Thanksgiving and Shopping
I am all for not shopping on Thanksgiving. I think it’s a shame that stores are open and people have to work. If I had my way, certain holidays would be holy (If I really had my way, I’d have a weekly, secular sabbath). Everything would be closed and no one would have to work. I don’t mean holy in the religious sense. Rather I mean it in the sense that the day itself is important, more important than business. My vote would be to designate July 4th, Election Day, Thanksgiving, and New Years as America’s Holy Days. However, I don’t get all preachy about this. I’d like to explain why.
The big reason I refrain from preachiness is that I recognize that we don’t live in a world where I get my way. There is simply too much momentum behind the 24 hours a day 365 days a year economy to make radical changes. And the changes would have to be radical. I can complain all I want that Sears shouldn’t be open on Thanksgiving. The problem is that if Sears listened to me, they would just lose a lot of money to one of their competitors that didn’t listen to me. In order for this kind of change to matter, it has to be adopted by everyone. And the only way that would happen is to have the government demand it. That would be a radical change. So, I’m not preachy because I can’t blame Sears for working within the system that they find themselves in.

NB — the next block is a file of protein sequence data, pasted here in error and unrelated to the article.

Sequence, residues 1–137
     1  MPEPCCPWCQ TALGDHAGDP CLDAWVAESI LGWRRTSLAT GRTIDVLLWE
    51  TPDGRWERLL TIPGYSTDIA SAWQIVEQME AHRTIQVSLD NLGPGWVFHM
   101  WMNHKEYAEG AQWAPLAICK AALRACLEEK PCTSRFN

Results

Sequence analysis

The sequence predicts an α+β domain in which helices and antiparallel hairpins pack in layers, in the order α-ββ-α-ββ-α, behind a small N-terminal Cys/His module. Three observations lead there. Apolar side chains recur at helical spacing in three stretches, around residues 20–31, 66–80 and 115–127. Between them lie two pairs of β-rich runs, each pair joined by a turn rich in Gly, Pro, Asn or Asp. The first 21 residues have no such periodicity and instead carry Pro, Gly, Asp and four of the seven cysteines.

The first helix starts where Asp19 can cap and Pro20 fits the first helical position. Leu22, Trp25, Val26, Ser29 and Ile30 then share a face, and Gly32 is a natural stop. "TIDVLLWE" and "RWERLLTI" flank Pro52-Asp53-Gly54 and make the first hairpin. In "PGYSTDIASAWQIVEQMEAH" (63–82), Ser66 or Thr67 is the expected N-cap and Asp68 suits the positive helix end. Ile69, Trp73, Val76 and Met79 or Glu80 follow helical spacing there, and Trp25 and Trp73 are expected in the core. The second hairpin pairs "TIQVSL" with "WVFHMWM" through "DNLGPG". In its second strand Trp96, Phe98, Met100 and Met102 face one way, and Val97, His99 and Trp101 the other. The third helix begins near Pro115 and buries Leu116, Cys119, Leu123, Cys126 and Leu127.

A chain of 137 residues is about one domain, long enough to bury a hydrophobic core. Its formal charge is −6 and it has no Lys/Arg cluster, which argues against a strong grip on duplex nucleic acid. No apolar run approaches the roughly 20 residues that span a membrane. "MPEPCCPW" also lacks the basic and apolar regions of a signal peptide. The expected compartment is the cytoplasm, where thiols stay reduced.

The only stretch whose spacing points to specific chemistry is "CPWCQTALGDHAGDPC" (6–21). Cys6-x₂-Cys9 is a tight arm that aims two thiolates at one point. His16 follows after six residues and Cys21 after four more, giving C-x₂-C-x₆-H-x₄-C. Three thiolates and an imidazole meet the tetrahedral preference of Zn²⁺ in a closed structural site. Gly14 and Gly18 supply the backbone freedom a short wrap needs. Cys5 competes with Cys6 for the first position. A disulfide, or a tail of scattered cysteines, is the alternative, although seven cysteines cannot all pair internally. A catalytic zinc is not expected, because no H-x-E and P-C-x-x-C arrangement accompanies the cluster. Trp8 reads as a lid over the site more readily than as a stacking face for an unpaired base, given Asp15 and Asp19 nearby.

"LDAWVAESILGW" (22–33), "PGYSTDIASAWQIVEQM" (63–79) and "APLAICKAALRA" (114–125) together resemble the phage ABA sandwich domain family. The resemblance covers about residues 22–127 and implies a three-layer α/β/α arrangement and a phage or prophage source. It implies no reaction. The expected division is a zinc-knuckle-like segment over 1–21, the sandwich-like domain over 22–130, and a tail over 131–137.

Another reason I’m not preachy about my beliefs is I’ve thought about the consequences of really following through on respecting the holiness of holidays. It’s one things to say Walmart and Target shouldn’t open because their workers deserve a day off. But, on pain of being inconsistent, that also means that movie theaters should be closed and professional sports should be cancelled. There would be no running to the convenience store for last minute supplies or eating at a restaurant. TV and the internet would be limited to things that could be cued up automatically – no more live coverage of the parade. Trains, planes, and buses would be still and hotels would be empty. The only people that would work are emergency personnel – police, fire, ER nurses, etc., and they should be paid a lot extra for their trouble. I am OK with this. I think the idea of a quiet day spent with family is nice. But, I’m quite sure many others, even many of those who have to work on Thanksgiving, think quite differently.
As I said at the beginning, I am all for not shopping on Thanksgiving. But, I would urge people to think about their outrage towards retailers. If a person won’t go to JC Penny on Thanksgiving because it isn’t fair to the workers, I hope that person doesn’t stop by Dunkin for a coffee or fill up at the gas station. I hope that person doesn’t go see a movie. And I especially hope that person doesn’t do any online shopping since it is the internet that really pressures the brick and mortar stores to open on Thanksgiving.